The development of an ASF vaccine is largely impeded by gaps in our knowledge about the virus and the complex host-virus interactions involved in infection and immunity. To develop an effective vaccine, fundamental omics research is urgently needed to elucidate the functions of ASFV genes, to identify protective proteins and their combinations as vaccine targets, and possible delivery systems that provide stable antigen-specific humoral and cellular immune responses. It is still largely unknown which targets of ASFV play important roles in virulence, immunopathology, or protection. In addition, it is very important to ascertain the right balance between mediated antibodies and cells that provide immune responses toward ASFV. Immune hyperstimulation appears to be a key factor in the course of ASFV disease, of particular significance is the evidence indicating that high antibody levels appear to be particularly detrimental with respect to clinical outcome and protection. A shift in focus toward fewer immunogenic ASFV antigens and the concomitant identification of new neutralizing antigens or ASFV epitopes may also be helpful. Determining which type of antibody aggravates the course of the disease, and work toward identification the neutralizing epitopes of individual antigens, may also be useful for developing a more targeted immune response, and, as a consequence, strengthen the defense system. At the moment, there is no universal “ideal” vector, and various studies require the use of certain vector systems. All viral vector systems will have their advantages and disadvantages depending on the target cells chosen and the specifics of each study. In particular, the advantages of recombinant adeno-associated vectors (the ability to integrate the target gene into the host genome in the right place, which prevents unwanted mutations; integration into both dividing and resting cells; a wide transduction profile; low immune response; strong and stable expression of the transgene) are isolated them among other viral vectors and make these vectors a popular and versatile tool for gene delivery in vitro and in vivo.
When choosing a suitable viral vector, one should take into account its safety, ability to transduce both dividing and non-dividing cells, capacity and immunogenicity (65).
The fundamental information presented in this review evaluates the key gene expression efficiencies, both in vitro and in vivo, based on a variety of viral vectors. Furthermore, the review has highlighted previous failures and mistakes. The combination of this knowledge will help develop the future promising viral vectors, designed to create effective vaccines against ASF.
RR: conceptualization and administration of the project, addition of important data, raising funds, revision, and editing of the manuscript. ME, AG, and ES: analysis of the literature, writing, and preparation of the initial manuscript draft. EZ and NK: revision and editing of the manuscript. DM: observations within the manuscript. AR and CR: revision of the manuscript and corrections of results interpretations. All authors approved this manuscript for publication.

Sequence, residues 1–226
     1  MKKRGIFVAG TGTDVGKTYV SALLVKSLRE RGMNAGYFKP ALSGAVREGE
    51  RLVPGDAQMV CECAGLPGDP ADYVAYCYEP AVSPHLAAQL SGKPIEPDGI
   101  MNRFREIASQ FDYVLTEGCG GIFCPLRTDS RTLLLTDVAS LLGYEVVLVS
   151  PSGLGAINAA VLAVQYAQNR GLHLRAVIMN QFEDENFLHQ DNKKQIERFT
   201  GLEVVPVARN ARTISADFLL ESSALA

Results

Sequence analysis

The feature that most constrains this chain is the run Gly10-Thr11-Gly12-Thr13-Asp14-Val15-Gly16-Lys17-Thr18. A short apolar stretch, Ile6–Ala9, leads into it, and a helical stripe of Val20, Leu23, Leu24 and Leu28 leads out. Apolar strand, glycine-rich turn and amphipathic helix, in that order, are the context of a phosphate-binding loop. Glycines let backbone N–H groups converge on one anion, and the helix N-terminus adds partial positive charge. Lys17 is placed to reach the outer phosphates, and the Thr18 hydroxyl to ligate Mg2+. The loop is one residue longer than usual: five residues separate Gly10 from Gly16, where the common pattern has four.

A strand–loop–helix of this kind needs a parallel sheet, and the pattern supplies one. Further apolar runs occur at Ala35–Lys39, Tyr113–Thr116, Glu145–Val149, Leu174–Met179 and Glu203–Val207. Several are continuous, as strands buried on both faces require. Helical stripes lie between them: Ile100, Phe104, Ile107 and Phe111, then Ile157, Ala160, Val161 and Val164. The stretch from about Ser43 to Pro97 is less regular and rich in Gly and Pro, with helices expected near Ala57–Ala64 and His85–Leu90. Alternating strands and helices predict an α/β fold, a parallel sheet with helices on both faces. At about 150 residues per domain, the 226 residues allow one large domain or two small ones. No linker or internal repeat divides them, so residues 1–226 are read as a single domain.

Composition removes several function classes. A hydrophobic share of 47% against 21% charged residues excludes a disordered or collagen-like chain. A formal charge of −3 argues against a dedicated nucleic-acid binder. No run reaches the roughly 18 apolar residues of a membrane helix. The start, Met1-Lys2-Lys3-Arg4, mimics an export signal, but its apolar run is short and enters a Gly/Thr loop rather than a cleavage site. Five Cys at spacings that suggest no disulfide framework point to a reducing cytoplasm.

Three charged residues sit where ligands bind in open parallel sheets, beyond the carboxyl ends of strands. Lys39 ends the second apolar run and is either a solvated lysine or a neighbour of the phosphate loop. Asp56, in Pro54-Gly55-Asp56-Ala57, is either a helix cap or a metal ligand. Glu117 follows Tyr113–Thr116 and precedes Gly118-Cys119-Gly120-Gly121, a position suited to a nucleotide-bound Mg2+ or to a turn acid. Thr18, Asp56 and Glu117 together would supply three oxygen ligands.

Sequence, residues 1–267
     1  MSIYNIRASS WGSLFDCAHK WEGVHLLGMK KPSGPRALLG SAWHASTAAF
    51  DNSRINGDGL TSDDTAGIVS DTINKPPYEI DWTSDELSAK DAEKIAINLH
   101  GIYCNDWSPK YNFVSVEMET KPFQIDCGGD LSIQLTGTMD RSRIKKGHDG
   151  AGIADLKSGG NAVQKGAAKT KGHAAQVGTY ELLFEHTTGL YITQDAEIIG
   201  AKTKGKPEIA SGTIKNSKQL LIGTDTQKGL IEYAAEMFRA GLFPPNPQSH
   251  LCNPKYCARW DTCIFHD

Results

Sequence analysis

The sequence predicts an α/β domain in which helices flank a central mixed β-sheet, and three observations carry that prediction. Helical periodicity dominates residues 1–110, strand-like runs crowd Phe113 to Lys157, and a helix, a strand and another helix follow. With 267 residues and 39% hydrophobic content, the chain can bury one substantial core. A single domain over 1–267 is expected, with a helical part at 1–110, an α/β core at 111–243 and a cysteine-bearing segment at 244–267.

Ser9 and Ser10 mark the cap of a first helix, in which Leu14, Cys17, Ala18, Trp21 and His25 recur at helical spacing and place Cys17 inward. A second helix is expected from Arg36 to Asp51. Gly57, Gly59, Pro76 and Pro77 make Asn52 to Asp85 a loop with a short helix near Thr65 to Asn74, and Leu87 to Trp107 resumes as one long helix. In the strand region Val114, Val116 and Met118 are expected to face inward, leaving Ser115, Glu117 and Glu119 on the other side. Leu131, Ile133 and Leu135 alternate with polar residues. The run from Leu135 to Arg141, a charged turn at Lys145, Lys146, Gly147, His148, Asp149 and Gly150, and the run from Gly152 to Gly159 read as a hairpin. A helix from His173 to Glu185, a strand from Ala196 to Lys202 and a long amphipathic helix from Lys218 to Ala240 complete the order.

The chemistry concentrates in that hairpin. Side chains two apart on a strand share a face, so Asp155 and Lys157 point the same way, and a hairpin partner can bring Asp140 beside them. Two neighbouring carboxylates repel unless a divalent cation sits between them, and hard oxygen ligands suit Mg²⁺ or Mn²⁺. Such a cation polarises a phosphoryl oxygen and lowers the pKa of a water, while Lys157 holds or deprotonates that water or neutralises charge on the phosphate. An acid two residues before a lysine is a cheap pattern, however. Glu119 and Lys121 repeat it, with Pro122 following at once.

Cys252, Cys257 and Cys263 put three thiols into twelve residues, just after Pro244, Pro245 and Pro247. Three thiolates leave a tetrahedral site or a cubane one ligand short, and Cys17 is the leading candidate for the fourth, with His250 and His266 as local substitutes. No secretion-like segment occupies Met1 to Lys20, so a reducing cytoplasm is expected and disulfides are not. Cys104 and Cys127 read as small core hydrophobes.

This work was supported by the state assignments for applied scientific research of the Ministry of Agriculture of the Russian Federation No. 121091400103-2 and by the Kazan Federal University Strategic Academic Leadership Program (PRIORITY-2030). The funders had no role in study design, data collection and analysis, decision to publish, or manuscript preparation.
Conflict of Interest
The authors declare that the research was conducted in the absence of any commercial or financial relationships that could be construed as a potential conflict of interest.
All claims expressed in this article are solely those of the authors and do not necessarily represent those of their affiliated organizations, or those of the publisher, the editors and the reviewers. Any product that may be evaluated in this article, or claim that may be made by its manufacturer, is not guaranteed or endorsed by the publisher.
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Keywords: African swine fever, domestic pigs, vaccine, viral vectors, disease control
Citation: Ravilov RK, Rizvanov AA, Mingaleev DN, Galeeva AG, Zakirova EY, Shuralev EA, Rutland CS, Khammadov NI and Efimova MA (2022) Viral Vector Vaccines Against ASF: Problems and Prospectives. Front. Vet. Sci. 9:830244. doi: 10.3389/fvets.2022.830244
Received: 06 December 2021; Accepted: 11 February 2022;
Published: 11 March 2022.
Edited by:Constantinos S. Kyriakis, Auburn University, United States
Reviewed by:Lenny Moise, EpiVax, United States
Lynnette Goatley, The Pirbright Institute, United Kingdom
Hua-Ji Qiu, Harbin Veterinary Research Institute (CAAS), China
Yuan Sun, Harbin Veterinary Research Institute (CAAS), China
Copyright © 2022 Ravilov, Rizvanov, Mingaleev, Galeeva, Zakirova, Shuralev, Rutland, Khammadov and Efimova. This is an open-access article distributed under the terms of the Creative Commons Attribution License (CC BY). The use, distribution or reproduction in other forums is permitted, provided the original author(s) and the copyright owner(s) are credited and that the original publication in this journal is cited, in accordance with accepted academic practice. No use, distribution or reproduction is permitted which does not comply with these terms.
*Correspondence: Antonina G. Galeeva, email@example.com